Delayed Diagnosis of Herpes Results in Injuries to Newborn Child

Joseph O'Neill

Written by
— Updated on October 12, 2017

Herpes VirusThis case takes place in South Carolina and involves a female patient who presented to her Ob/Gyn during her third trimester of pregnancy for blood work. She was tested on a Thursday and subsequently gave birth two days later. The delivery progressed without complication and the mother and infant were both discharged. Less than a week later, the mother presented to the ER with her child. The child had a rash and a fever, and was admitted to the hospital for evaluation. Twelve days later the child was diagnosed with herpes. Unbeknownst to the mother, her blood work came back positive for herpes the day after delivery yet her Ob/Gyn never informed her or the pediatrician in the hospital. The child suffered debilitating side effects and now has cerebral palsy.

Question(s) For Expert Witness

  • 1. If the pediatrician knew there was a potential that the child was infected with herpes, what treatment options would have been available?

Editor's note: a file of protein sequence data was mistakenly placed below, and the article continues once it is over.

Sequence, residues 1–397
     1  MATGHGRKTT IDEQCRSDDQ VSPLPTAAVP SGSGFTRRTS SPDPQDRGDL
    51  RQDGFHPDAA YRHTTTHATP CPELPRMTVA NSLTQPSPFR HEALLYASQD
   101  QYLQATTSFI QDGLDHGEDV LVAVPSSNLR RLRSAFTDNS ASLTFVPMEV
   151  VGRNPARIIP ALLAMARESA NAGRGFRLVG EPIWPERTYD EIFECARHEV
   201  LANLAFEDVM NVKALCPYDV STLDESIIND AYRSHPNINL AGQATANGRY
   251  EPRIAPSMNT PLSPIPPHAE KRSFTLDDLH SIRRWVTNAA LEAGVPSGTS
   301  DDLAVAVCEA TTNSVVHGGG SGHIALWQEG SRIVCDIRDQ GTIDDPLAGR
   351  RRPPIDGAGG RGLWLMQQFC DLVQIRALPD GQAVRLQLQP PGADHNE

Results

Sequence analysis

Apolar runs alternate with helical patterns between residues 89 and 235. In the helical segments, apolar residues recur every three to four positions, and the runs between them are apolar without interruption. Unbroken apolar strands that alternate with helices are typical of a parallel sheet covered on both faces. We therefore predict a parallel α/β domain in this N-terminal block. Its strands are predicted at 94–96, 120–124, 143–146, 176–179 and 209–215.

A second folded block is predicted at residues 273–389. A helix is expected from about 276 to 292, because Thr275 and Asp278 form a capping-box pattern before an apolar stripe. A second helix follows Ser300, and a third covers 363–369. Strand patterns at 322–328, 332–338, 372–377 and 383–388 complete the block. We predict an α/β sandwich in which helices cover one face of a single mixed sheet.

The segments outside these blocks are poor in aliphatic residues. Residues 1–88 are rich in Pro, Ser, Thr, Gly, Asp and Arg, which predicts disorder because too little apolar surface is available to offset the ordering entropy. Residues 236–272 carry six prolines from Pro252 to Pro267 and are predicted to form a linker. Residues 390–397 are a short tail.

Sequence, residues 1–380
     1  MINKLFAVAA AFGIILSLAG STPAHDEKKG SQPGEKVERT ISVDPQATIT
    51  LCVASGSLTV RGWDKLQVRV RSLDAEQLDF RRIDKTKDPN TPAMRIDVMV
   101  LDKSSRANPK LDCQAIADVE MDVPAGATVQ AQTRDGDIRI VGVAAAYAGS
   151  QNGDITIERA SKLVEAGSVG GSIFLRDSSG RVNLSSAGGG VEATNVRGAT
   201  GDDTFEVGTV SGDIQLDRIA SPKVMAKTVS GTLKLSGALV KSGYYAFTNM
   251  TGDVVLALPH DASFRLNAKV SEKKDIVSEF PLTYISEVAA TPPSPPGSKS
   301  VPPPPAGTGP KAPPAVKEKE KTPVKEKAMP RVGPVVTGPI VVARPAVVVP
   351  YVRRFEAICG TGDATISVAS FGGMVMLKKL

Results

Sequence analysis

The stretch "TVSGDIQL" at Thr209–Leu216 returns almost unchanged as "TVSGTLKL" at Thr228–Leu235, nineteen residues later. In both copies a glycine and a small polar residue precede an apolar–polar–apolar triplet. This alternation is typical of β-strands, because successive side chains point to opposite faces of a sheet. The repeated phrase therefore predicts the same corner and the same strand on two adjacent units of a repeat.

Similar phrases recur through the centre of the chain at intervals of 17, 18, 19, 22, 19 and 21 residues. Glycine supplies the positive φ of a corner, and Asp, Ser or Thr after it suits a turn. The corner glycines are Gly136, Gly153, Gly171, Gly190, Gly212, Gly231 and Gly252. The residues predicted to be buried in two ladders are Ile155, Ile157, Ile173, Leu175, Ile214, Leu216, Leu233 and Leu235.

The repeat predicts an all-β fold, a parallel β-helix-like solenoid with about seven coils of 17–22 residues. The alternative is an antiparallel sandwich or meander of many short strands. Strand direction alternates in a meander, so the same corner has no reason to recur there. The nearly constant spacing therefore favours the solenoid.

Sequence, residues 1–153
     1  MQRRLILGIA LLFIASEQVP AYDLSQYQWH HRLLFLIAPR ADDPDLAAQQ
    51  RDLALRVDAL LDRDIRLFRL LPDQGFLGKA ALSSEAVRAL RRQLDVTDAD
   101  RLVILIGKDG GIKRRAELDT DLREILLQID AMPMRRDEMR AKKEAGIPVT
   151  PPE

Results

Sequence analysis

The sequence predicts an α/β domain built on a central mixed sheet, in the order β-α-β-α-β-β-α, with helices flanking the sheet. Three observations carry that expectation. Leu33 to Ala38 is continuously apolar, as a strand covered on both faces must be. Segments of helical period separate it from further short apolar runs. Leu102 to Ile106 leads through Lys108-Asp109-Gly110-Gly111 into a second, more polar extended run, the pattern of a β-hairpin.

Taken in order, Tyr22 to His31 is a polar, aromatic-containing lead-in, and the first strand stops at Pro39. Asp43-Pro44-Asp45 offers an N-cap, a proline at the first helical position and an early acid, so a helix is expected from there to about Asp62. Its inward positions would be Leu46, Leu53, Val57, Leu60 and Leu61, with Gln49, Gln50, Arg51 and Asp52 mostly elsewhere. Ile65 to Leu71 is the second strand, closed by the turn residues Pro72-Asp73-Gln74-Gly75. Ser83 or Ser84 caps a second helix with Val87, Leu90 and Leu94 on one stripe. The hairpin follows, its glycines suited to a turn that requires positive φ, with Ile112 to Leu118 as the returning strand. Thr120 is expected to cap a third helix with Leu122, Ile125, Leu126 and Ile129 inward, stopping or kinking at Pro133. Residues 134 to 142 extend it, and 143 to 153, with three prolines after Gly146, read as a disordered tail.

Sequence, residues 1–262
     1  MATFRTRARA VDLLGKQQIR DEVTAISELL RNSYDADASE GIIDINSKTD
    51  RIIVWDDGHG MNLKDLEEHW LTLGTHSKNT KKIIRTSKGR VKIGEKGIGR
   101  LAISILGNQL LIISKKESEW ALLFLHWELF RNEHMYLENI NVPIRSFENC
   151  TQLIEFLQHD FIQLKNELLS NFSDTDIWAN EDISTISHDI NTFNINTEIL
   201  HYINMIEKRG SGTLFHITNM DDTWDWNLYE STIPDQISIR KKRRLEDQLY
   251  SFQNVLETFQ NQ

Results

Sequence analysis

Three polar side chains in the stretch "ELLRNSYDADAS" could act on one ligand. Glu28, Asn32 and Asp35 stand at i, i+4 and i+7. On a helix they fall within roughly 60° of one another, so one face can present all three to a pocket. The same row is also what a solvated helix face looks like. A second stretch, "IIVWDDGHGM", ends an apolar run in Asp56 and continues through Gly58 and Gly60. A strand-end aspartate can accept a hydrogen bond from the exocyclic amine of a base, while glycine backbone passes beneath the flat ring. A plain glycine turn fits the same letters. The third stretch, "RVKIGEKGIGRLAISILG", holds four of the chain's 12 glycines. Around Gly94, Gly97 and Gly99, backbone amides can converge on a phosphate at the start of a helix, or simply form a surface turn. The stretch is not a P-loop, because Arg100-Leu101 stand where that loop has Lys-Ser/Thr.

• 2. Could you perform a record review to establish whether or not there would have been a different outcome?

Expert Witness Response E-008898

I could review whether or not, and how, the child should have been evaluated per current guidelines and standard of care based on the results of the maternal testing (had the results been known to the infant’s doctors). I could then review what the possible outcomes of testing and treatment pathways would have been. Neonatal herpes infection is a horrible disease that even with our best treatment still, often, leads to poor outcomes. But I could discuss how timely treatment could have modified the risk of poor outcome.

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